D. H. Lawrence Quote

It was as if thousands and thousands of little roots and threads of consciousness in him and her had grown together into a tangled mass, till they could crowd no more, and the plant was dying. Now quietly, subtly, she was unravelling the tangle of his consciousness and hers, breaking the threads gently, one by one, with patience and impatience to get clear.

D. H. Lawrence

It was as if thousands and thousands of little roots and threads of consciousness in him and her had grown together into a tangled mass, till they could crowd no more, and the plant was dying. Now quietly, subtly, she was unravelling the tangle of his consciousness and hers, breaking the threads gently, one by one, with patience and impatience to get clear.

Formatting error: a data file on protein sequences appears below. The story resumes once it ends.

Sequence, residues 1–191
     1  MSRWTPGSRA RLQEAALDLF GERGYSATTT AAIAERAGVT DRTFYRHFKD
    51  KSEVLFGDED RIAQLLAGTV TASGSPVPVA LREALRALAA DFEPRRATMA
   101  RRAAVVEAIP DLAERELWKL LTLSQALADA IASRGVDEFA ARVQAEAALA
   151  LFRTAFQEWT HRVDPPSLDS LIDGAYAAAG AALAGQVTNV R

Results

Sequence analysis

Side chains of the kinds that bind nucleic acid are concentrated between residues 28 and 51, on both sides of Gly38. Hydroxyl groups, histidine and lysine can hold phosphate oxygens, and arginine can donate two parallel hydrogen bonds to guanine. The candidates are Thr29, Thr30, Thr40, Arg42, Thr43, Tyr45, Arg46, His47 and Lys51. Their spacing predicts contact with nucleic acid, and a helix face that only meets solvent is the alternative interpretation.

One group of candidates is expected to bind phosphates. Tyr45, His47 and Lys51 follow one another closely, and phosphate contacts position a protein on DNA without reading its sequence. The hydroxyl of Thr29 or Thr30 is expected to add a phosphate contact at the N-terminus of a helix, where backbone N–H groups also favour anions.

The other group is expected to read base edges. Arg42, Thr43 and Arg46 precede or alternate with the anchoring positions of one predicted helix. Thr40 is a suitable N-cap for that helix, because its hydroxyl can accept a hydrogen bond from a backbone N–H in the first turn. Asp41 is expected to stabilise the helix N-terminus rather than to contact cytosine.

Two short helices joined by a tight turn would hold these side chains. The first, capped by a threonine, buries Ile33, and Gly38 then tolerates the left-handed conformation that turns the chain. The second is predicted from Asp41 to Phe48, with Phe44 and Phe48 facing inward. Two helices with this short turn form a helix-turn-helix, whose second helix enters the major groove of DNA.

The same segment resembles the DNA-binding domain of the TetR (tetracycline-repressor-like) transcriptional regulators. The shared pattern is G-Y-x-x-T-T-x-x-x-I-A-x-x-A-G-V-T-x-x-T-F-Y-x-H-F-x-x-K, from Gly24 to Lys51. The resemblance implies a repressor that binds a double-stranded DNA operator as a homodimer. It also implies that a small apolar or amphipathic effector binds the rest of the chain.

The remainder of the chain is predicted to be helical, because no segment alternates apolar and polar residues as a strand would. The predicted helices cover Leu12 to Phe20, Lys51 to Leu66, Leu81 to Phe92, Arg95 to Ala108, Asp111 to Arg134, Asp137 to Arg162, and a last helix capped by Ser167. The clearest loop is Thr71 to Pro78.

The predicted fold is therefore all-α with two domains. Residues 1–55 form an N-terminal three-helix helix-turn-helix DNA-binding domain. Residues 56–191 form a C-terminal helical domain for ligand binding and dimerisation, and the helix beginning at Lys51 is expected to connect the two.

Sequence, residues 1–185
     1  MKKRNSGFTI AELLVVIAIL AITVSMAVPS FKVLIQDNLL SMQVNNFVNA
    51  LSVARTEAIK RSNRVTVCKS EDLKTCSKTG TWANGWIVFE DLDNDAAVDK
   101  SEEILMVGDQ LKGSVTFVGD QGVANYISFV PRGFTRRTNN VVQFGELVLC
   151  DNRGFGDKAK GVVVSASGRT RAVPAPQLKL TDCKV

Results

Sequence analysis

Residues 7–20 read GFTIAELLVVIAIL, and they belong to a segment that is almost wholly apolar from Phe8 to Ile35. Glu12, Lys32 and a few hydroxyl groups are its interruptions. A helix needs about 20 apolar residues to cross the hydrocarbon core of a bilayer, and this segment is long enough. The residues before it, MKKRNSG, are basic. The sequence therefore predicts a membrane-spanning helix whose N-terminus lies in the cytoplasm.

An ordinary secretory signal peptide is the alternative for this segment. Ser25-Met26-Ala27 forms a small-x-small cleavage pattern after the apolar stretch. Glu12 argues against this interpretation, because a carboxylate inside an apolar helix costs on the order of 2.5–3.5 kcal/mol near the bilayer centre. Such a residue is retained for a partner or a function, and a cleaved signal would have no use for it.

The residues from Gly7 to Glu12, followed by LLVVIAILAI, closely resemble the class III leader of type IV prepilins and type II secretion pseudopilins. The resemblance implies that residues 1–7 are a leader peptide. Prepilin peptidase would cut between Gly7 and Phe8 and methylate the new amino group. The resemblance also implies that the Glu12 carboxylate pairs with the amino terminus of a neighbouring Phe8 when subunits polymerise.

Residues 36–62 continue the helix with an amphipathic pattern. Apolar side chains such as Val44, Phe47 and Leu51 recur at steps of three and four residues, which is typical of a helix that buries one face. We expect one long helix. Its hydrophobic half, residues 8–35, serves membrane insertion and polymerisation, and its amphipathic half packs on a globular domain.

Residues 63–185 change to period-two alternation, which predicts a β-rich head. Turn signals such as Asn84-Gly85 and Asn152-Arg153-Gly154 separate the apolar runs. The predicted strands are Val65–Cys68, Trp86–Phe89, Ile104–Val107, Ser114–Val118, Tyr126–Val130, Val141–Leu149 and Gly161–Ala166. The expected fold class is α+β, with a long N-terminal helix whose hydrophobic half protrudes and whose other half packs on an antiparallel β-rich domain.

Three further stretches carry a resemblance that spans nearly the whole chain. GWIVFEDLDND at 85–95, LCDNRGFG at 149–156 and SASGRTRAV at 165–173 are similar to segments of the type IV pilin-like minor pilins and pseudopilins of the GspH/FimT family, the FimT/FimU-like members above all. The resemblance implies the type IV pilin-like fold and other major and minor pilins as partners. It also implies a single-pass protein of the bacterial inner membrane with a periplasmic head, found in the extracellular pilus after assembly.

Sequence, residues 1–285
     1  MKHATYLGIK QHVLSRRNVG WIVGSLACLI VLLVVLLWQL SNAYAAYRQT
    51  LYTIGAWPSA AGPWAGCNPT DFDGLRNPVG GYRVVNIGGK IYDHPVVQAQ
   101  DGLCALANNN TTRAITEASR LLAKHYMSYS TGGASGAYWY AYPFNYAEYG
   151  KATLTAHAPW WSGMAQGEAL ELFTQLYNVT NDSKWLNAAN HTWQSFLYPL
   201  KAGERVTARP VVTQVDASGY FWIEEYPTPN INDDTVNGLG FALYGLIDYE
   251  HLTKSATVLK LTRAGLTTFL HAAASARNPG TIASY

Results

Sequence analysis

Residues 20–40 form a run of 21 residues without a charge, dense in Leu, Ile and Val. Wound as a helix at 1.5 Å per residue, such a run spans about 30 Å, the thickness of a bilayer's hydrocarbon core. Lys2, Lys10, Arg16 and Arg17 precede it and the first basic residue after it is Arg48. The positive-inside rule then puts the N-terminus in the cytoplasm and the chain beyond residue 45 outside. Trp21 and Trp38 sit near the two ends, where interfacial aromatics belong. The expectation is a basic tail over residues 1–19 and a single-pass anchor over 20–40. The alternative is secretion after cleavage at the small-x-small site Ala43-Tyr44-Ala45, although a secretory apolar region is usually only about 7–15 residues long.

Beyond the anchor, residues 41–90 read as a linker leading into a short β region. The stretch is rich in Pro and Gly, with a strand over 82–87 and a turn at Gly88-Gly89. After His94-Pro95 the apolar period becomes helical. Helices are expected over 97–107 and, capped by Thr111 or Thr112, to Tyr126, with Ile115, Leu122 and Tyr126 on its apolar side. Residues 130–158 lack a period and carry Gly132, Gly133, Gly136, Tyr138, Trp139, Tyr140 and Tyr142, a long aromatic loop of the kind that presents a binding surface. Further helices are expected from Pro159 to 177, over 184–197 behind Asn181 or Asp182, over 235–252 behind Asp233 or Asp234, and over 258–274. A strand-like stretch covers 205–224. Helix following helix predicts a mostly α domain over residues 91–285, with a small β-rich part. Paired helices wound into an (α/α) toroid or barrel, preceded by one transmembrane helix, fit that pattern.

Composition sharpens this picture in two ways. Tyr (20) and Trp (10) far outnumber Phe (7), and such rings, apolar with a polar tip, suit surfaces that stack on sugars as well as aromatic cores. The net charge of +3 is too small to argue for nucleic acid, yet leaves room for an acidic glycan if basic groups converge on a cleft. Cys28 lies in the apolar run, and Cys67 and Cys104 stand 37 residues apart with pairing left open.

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About D. H. Lawrence

David Herbert Lawrence (11 September 1885 – 2 March 1930) was an English writer, novelist, poet and essayist. His works reflect on modernity, industrialization, sexuality, emotional health, vitality, spontaneity and instinct. His best-known novels—Sons and Lovers, The Rainbow, Women in Love, and Lady Chatterley's Lover— were the subject of censorship trials.
Lawrence's opinions and artistic preferences earned him many enemies, and he endured persecution and misrepresentation of his creative work throughout the second half of his life, much of which he spent in a voluntary exile, four years of which he described as a "savage enough pilgrimage". At the time of his death, his public reputation was that of a pornographer who had wasted his considerable talents. However, English novelist and critic E. M. Forster, in an obituary notice, challenged this widely held view, describing him as "the greatest imaginative novelist of our generation." Later, English literary critic F. R. Leavis also championed both his artistic integrity and his moral seriousness.